Original Research

Emotional labour as experienced by women in leadership positions

Tashrequa M. Beharrie, Tshegofatso Mabitsela
SA Journal of Industrial Psychology | Vol 49 | a2119 | DOI: https://doi.org/10.4102/sajip.v49i0.2119 | © 2023 Tashrequa M. Beharrie, Tshegofatso Mabitsela | This work is licensed under CC Attribution 4.0
Submitted: 09 June 2023 | Published: 27 November 2023

About the author(s)

Tashrequa M. Beharrie, Department of Industrial Psychology and People Management, College of Business and Economics, University of Johannesburg, Johannesburg, South Africa
Tshegofatso Mabitsela, Department of Industrial Psychology and People Management, College of Business and Economics, University of Johannesburg, Johannesburg, South Africa

Abstract

Orientation: In the workplace, emotional labour is said to be disproportionately performed by women. Research also seems to suggest that women in leadership roles practise emotional labour.

Research purpose: This study aimed to determine what work-related situations gave rise to experiences of emotional labour of women in leadership roles. Furthermore, to gain insight into the experiences of the emotional labour of women in leadership roles across industries within the South African context.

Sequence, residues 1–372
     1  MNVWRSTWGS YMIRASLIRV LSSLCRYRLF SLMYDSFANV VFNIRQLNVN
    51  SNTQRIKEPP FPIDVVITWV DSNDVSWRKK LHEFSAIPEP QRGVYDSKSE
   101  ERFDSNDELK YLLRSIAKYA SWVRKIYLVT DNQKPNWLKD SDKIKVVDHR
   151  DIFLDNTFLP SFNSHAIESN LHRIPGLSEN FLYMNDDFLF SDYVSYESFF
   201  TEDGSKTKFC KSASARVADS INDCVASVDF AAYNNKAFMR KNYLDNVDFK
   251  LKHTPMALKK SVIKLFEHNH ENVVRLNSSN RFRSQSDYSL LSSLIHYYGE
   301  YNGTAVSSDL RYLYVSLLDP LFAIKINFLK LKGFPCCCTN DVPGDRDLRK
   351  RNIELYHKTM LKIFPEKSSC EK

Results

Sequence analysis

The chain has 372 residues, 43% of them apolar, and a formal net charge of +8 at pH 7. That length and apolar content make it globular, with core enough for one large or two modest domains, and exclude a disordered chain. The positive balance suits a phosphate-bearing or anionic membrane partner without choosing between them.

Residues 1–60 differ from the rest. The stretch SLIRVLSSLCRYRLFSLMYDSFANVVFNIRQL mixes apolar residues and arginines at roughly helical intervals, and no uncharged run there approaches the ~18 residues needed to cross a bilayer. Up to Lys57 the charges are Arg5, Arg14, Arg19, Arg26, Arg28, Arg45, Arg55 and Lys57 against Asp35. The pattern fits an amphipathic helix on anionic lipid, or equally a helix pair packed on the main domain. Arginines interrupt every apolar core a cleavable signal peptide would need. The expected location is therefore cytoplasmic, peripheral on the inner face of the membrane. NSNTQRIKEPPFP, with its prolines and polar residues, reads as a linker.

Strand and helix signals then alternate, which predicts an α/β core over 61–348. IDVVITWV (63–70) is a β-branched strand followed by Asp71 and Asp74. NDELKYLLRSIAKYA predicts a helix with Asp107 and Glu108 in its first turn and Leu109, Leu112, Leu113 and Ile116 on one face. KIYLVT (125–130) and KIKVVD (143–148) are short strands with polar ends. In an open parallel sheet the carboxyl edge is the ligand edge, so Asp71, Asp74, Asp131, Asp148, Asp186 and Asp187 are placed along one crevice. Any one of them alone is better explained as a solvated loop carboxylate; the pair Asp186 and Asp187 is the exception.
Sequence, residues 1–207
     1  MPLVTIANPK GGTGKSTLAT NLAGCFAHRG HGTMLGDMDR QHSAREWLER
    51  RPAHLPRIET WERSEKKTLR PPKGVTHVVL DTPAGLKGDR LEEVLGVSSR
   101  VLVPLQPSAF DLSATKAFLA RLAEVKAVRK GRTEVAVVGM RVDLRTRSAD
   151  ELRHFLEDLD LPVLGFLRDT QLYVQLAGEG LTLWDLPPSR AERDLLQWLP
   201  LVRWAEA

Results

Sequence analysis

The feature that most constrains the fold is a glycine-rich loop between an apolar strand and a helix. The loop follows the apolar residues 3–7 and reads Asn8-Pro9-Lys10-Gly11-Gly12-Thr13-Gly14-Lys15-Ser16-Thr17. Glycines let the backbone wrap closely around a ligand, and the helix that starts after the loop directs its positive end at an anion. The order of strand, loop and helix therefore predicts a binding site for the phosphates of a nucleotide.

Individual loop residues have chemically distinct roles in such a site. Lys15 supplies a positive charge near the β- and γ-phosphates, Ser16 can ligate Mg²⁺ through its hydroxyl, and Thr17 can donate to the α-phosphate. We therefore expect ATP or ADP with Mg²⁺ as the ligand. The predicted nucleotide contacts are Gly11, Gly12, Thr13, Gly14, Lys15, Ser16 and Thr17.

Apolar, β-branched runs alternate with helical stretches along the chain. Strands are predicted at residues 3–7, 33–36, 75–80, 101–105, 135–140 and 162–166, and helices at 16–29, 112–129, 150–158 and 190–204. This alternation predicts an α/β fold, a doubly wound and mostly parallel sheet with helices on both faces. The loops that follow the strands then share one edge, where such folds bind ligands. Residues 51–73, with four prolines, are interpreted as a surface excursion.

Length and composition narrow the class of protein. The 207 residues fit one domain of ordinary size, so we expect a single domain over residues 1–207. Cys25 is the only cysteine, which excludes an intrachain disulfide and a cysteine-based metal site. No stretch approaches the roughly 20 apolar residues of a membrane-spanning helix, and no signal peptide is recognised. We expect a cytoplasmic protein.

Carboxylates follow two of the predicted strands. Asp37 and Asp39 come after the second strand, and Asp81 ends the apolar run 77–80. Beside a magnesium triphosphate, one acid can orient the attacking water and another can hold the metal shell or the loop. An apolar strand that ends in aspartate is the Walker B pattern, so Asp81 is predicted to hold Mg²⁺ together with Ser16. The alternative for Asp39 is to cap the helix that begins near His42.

Motivation for the study: Within the South African workplace context, little is known about the workplace situations that give rise to specific emotional labour experiences among women in leadership roles.

Research approach/design and method: A qualitative approach was adopted, focusing on a phenomenological strategy, utilising the purposive and snowball sampling technique to acquire participants. Data saturation was reached at 12 participants and thematic analysis was utilised to analyse the raw data from the interviews.

Main findings: Themes identified from the data were leading through emotions, suppressing emotions to get work done, demonstrating emotional intelligence, avoiding emotional stereotyping and navigating the work-home emotional spillover.

Practical/managerial implications: Industrial psychologists are encouraged to create a culture where open conversations are encouraged and are a norm as a way for employees to engage constructively.

Contribution/value-add: This study adds to the literature on situations that give rise to experiences of emotional labour for women in leadership positions in South Africa and has important implications for organisations and women in leadership.


Keywords

emotional labour; women; leadership; emotions; experiences

JEL Codes

J24: Human Capital • Skills • Occupational Choice • Labor Productivity

Sustainable Development Goal

Goal 3: Good health and well-being

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